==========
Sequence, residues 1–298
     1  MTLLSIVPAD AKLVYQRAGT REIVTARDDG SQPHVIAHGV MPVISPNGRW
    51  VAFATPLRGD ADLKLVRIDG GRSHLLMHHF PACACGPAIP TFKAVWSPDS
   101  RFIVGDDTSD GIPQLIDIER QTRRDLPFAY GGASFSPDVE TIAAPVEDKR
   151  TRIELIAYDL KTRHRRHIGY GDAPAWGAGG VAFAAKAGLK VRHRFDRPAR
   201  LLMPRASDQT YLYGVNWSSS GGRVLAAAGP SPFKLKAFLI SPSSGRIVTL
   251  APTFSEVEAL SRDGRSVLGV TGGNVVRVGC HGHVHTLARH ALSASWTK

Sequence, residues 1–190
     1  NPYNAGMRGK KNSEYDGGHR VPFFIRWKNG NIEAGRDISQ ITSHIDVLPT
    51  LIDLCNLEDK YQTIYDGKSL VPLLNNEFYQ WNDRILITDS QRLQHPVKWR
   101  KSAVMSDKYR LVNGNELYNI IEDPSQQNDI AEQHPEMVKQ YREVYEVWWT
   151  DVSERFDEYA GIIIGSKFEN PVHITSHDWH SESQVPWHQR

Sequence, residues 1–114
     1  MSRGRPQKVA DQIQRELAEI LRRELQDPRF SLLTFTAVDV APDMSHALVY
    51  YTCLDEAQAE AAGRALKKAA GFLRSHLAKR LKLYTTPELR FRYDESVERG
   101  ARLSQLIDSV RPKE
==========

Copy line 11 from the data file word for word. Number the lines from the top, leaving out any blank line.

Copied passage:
   101  KSAVMSDKYR LVNGNELYNI IEDPSQQNDI AEQHPEMVKQ YREVYEVWWT